Urban Runoff Toxicity

by Edwin Herricks,

Abstract: Toxicity is controlled by the magnitude/concentration of the contaminant produced in an exposure, the duration of the exposure, and the frequency with which exposures are repeated. When considering urban runoff toxicity, it is necessary to carefully consider magnitude, duration, and frequency in any toxicity analysis. Over the past several years, an analysis of toxicity associated with runoff events has produced an improved understanding of urban runoff toxicity. First, to measure this toxicity it is necessary to apply a new paradigm, the time-scale toxicity paradigm. This paradigm proposes a time-scale of response approach to test system selection rather than the organism-based system commonly in use. Second, the time-scale toxicity testing approach has required adjustment of test metrics the account for variation in the magnitude and duration of exposure as well as variability in frequency. Finally, new analysis procedures are required the effectively assess event toxicity and provide a foundation for comparison of runoff events. The time-scale toxicity paradigm is reviewed, and data from storm events is provided to illustrate paradigm utility in assessing the toxicity of urban runoff and the related impact of urban runoff on receiving systems.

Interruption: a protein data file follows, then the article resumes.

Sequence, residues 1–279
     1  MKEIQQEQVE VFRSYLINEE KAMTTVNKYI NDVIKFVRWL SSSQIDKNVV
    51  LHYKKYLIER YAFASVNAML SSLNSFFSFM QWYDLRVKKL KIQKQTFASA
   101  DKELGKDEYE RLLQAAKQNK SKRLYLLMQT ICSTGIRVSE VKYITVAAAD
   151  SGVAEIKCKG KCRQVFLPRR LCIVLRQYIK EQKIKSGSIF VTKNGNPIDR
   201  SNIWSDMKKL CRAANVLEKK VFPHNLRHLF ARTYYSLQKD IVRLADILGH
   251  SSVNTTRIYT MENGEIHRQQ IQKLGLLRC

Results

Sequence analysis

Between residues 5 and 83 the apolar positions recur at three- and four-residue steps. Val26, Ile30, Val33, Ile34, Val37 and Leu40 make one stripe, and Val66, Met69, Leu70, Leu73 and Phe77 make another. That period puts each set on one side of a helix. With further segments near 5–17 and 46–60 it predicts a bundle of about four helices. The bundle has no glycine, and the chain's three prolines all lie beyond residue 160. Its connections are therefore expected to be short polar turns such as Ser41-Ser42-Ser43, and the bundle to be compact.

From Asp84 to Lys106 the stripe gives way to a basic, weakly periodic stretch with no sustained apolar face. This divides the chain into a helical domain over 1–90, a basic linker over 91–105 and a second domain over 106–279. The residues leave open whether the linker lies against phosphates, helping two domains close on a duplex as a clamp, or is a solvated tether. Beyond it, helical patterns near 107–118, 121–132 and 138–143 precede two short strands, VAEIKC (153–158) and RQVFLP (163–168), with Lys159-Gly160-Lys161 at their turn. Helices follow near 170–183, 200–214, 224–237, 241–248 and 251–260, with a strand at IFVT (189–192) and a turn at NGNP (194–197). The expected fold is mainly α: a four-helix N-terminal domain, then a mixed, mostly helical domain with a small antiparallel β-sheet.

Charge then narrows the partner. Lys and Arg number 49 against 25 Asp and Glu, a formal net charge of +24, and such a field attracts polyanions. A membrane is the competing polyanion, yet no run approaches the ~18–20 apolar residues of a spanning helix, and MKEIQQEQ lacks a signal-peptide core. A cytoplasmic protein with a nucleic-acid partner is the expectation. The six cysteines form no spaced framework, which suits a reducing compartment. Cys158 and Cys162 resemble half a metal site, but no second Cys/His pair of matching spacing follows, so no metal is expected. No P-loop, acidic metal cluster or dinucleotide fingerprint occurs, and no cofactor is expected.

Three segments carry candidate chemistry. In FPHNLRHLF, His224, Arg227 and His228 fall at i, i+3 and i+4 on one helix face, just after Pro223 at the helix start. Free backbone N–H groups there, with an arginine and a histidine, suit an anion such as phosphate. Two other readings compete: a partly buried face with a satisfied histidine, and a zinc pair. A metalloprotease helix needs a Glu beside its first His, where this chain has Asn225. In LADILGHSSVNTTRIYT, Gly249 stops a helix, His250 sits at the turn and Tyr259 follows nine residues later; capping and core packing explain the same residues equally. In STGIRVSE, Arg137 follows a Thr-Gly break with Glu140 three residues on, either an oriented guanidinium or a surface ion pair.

Subject Headings: Toxicity | Runoff | Urban areas | Municipal water | Watersheds | Pollutants | Metric systems | Foundations

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